The results of this study are remarkable; they show comparable learning outcomes for this basic course, with a promise of cost savings and productivity gains over time.

Deanna Marcum
Managing Director, Ithaka S+R

Background: In 2007, Carnegie Mellon conducted a series of “do no harm” studies with the OLI statistics course. The studies show that students using the OLI course, as an online course with minimal instructor contact, performed as well or better than students in traditional instructor-lead classes.

This 2011 study conducted by ITHAKA, a nonprofit research organization, demonstrates the same results using the OLI statistics course outside of Carnegie Mellon—in several large public institutions.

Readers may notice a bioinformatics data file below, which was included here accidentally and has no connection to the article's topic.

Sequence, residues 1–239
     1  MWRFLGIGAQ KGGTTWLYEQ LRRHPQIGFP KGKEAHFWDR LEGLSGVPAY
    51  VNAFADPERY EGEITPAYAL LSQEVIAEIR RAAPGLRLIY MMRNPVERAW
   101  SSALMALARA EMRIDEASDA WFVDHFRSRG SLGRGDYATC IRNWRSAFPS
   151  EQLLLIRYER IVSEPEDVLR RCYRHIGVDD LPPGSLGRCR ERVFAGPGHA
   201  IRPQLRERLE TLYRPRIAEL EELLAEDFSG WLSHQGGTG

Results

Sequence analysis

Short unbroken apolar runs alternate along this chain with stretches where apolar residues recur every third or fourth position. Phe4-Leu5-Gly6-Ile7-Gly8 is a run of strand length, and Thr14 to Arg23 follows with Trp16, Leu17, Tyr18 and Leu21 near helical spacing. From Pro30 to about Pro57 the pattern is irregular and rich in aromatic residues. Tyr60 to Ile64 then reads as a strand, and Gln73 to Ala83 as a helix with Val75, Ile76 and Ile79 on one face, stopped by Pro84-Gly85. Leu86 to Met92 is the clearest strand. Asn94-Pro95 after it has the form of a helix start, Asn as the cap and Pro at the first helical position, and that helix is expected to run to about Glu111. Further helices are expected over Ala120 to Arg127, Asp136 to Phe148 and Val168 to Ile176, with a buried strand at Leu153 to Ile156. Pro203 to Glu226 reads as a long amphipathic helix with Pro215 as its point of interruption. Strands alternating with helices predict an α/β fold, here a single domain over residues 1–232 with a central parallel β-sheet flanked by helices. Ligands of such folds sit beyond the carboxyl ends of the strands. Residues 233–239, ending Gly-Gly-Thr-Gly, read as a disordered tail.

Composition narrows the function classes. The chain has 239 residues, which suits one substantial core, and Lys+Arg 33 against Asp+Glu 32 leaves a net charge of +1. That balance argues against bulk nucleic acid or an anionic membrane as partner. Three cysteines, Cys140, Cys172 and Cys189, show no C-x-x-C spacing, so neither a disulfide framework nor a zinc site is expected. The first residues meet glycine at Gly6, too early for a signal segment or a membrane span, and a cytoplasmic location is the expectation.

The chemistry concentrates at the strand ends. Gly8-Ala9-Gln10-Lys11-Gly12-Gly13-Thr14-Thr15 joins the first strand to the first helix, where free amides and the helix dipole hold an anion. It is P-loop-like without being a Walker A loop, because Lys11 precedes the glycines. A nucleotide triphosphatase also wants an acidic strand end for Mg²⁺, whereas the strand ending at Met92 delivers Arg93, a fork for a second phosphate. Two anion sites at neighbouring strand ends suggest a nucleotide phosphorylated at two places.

This study contributes to answering the question “Is online better or worse than traditional instruction?”In the follow-on study, on which ITHAKA is currently working, they are looking at the degree to which the variability in outcome is explainable by the way the instructors and students use the OLI course to support teaching and learning. That work will contribute to answering the (more interesting) question “How can the online environment be used most effectively by teachers and students to improve outcomes and reduce cost?”

Bowen, W.G., Chingos, M.M., Lack, K.L., & Nygren, T.I. (2012). Interactive Learning Online at Public Universities: Evidence from Randomized Trials. ITHAKA.